Ultimately, you’re doing this to help yourself, so think about what you want to get out of therapy. You may want help coping with a traumatic experience, processing grief or developing techniques to lower your anxiety levels. It can even be helpful to write your thoughts down so both you and your therapist are clear about what your goals are.

How to maximise your time during therapy

4. Make sure you have a comfortable and private set-up

Therapy involves talking about personal thoughts and issues. So, if you’re trying digital therapy and having your sessions from home, make sure you have a comfortable, private setting. If you don’t feel comfortable or think people are able to listen in, it can be very hard to properly open up and get the most out of a session.

Equally, if your session takes place outside the home, make sure that you’re comfortable in that environment.

5. Try to be open and honest with your therapist

This can be one of the hardest parts of therapy, but discussing your thoughts and feelings openly is key. Therapy should be a safe space where no judgement is passed and your therapist will work to help create this atmosphere.

Don’t worry if you don’t feel like this immediately, as it can sometimes take a while for this trust to develop. It’s also important that you aren’t afraid to tell your therapist if you feel some things aren’t working. This can really help them personalise your therapy.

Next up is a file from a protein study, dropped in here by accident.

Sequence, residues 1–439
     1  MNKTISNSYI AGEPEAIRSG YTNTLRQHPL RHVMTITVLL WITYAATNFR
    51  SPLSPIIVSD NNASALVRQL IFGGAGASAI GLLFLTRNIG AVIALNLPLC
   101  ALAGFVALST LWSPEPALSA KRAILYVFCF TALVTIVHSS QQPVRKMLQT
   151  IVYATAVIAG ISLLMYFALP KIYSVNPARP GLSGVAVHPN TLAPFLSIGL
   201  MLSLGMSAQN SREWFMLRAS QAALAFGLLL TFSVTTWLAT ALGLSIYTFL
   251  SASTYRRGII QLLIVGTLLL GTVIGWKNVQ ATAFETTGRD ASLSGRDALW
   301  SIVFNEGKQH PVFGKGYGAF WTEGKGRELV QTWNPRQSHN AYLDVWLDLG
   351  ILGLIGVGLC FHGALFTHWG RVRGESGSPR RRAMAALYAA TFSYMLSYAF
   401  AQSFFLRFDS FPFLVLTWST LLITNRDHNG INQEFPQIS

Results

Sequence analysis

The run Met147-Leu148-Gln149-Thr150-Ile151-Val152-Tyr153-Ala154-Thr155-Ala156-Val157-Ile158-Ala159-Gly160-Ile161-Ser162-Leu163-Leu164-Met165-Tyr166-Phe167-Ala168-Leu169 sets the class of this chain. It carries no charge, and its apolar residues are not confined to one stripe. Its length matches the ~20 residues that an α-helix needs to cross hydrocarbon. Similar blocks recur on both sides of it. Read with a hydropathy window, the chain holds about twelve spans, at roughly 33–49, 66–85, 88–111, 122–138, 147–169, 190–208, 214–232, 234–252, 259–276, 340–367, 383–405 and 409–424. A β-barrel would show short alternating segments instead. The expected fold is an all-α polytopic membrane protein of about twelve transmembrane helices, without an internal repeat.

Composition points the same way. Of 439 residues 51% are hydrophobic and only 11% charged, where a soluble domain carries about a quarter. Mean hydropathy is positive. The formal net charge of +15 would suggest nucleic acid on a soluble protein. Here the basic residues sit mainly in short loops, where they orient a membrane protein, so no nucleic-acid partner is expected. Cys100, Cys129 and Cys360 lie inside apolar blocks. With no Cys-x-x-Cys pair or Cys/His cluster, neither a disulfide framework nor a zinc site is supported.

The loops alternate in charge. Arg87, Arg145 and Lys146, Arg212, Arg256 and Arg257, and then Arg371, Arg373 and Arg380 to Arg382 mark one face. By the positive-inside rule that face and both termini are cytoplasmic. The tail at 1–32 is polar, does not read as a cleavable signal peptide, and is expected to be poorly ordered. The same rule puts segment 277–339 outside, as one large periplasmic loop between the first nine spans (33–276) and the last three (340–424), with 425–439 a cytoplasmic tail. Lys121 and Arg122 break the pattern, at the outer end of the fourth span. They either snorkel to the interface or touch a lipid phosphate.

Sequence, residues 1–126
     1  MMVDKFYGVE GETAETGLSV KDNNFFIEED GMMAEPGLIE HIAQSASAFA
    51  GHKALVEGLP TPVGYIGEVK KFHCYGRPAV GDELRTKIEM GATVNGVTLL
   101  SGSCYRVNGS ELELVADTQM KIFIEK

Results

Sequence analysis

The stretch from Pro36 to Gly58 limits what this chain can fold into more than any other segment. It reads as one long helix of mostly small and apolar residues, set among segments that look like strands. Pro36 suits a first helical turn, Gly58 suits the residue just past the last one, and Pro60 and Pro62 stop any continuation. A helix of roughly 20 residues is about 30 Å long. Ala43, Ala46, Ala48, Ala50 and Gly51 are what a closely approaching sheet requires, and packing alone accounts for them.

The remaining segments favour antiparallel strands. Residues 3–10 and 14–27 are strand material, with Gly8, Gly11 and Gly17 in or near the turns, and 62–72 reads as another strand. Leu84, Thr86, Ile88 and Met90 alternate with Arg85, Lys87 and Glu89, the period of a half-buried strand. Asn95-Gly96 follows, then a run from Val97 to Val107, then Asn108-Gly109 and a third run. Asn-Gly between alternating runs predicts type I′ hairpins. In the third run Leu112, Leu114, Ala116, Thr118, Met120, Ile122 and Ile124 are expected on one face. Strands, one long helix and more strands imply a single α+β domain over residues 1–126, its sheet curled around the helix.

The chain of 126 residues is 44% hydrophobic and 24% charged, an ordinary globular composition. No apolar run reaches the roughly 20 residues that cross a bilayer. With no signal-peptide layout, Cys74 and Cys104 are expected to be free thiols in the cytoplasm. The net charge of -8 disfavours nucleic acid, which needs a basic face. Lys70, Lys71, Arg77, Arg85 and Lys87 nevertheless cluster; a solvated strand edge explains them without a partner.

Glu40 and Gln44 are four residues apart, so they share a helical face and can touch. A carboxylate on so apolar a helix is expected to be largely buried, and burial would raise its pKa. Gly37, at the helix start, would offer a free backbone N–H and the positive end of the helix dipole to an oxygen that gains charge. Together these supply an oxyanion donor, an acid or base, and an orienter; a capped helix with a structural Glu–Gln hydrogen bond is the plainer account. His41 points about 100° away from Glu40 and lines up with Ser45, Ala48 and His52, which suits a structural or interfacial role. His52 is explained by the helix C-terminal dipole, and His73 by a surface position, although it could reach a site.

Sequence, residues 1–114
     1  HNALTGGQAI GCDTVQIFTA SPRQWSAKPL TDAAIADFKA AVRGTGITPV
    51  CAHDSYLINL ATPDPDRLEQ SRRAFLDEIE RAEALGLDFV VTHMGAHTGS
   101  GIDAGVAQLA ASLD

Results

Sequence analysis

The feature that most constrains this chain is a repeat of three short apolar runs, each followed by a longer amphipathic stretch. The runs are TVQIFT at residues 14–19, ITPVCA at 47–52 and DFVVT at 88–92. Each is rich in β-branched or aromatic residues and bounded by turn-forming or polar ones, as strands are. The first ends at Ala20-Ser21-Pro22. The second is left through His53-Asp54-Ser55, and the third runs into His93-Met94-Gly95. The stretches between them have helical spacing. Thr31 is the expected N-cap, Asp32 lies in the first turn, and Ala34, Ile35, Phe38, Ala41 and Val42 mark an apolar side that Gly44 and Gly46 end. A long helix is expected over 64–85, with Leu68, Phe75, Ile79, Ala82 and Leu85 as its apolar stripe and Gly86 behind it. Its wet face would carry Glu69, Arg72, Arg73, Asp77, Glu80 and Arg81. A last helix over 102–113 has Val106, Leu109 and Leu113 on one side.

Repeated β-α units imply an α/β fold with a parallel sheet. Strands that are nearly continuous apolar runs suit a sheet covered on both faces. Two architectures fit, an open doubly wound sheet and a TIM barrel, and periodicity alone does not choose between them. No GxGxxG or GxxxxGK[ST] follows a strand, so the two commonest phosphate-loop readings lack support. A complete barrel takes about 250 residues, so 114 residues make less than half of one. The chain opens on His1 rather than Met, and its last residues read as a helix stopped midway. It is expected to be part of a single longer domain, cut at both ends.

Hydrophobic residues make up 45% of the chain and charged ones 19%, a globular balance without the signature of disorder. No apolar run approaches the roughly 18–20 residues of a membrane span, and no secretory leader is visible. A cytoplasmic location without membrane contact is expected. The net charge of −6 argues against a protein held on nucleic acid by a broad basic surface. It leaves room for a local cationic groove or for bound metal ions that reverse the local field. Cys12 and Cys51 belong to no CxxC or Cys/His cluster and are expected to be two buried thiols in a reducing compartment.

6. Set realistic expectations

Try to remember that therapy isn’t a magic bullet that will solve your problems immediately. It can be a long process – usually between 6-8 sessions, while some people may need therapy for a longer period.

However, if you don’t find it helpful, or after this time you don’t feel that you’re getting out of it what you’d like, you can talk to your therapist about making a change in the type of therapy you receive. You can also speak to a doctor who may be able to help with changing your therapist or exploring other options.

What to think about after therapy

7. Try to take your learnings with you

Therapy can be a great way for you to see things more clearly, but your session will only take up a small proportion of your week. To really benefit, try to take your learnings from each session with you and implement some of the techniques you learn into your everyday life. It can help to write these down so that you can reflect on them at a later stage. Speak to your therapist about some practical ways to help you do this.

When should I speak to a doctor or therapist?

If you’re interested in therapy, it’s a good idea to speak to a doctor. They can help you find the best option for you.

It might be a good idea to speak to a doctor or therapist if:

  • You’re feeling low on a regular basis
  • You’re struggling with anxiety or stress
  • You’re experiencing depression or another mental health issue
  • You need support with grief, a difficult life change or a traumatic experience

This article has been medically reviewed by Dr Bryony Henderson.